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May 27, 2018







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 What are you really interested in right now?

Yoga. … I attribute yoga to helping me achieve balance in many aspects of life, both my parenting and family life and to … help me stay composed when involved in political matters that have often, in this career of mine, been heated.




Leaving time
Longtime Planned Parenthood advocate steps down

02/01/18



 Can you tell us about your background?

I’m originally from Bedford, New Hampshire, and I went to the University of New Hampshire. I worked in Washington, D.C., on the Hill a little bit between college and law school. I returned to the state to go to what was then Franklin Pierce Law Center and is now UNH School of Law. While in law school, and maybe even in undergrad, I had an interest in political science but also in a variety of social policy issues that were connected to political science. My first job out of law school, I was a lawyer with New Hampshire Legal Assistance as a legal aid attorney. Most of my clients were women and children. I did a lot of work on domestic violence, Medicaid. I rose within the organization to do policy work rather than individual casework. I think something that always stuck with me was the role that unintended pregnancy and mistimed pregnancy played in the lives of women in short-changing opportunities and preventing them from fulfilling their educational opportunities. So when I saw an opportunity to take my legal aid and policy advocacy world and migrate to Planned Parenthood of Northern New England … in 1999, it felt like a great step upstream in the world of policy and legislative advocacy to help secure the right and access to health and contraception for the kinds of women I got to know on my case load when I was a legal aid attorney. 
 
What did you do for Planned Parenthood?
I tried to keep the doors open so that as many patients who were in need of services could come in for affordable and high-quality access. At the time, Planned Parenthood had six — now it has five — health centers in different parts of the state. Its largest flagship health center is … in the city of Manchester. So that day-to-day workload may entail working on regulatory matters, making sure our professionals are licensed, or working with different state agencies to compete for different kinds of public funding and grants that were available to support the core work of Planned Parenthood. … The family planning, the well women visits, the STI testing and cancer screenings. And an important but nonetheless small part of Planned Parenthood is ensuring that women have access to safe and legal abortion. I think that while it may be less than 10 percent of what we do, it’s the source of more than 50 percent of the controversy and the political energy that someone in my role is required to navigate.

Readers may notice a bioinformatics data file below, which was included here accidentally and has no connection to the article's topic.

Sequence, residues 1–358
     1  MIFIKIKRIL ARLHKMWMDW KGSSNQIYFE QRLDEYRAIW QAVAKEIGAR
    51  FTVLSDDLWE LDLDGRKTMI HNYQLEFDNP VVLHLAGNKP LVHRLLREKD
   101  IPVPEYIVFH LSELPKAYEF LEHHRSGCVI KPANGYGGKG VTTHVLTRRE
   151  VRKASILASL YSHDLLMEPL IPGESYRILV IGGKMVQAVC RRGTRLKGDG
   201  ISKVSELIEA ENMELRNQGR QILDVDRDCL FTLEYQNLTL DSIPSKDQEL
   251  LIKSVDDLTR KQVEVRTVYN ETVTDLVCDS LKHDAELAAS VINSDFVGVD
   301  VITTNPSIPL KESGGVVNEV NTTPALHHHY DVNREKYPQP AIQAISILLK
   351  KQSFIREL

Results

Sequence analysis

What are some of the biggest myths you encountered about abortion?
[Myths can include] that we’re an organization that predominantly exists to provide abortion, that we somehow aren’t fully respectful of women’s autonomy, whatever choice they want to make about their pregnancy. 
 
What have you seen change in the issue of women’s health over the past 15 years?
I think most fundamentally the growth in the innovative methods and expanded methods of birth control, and the policy victories that we’ve had in removing barriers and obstacles like the no cost sharing that now applies to women [and] removes the barrier for them to get the most effective methods. … We’ve seen tremendous decrease in the teen pregnancy rate, unintended pregnancy rate and the abortion rate because of those more modern methods and because of improved access. I’m particularly proud that all the years I was in New Hampshire, we had the lowest rate of unintended and teen pregnancy in the nation, and that means we’re doing something right. 
 
What’s next for you?
I have made this change largely motivated out of the personal need to step back from a job that’s demanding and 24/7 and focus on my teenagers who, I increasingly recognize, are only in my nest for a little bit longer. … I think that I will be recharging my batteries both physically and professionally and taking a look at what kind of new challenges might await me in 2019, but I have called this a sabbatical year …  because I want to be really thoughtful and take some time, and perhaps volunteer in my community, serve on a board, do other things that would keep me connected to the issues that I care about. 
 
— Ryan Lessard 





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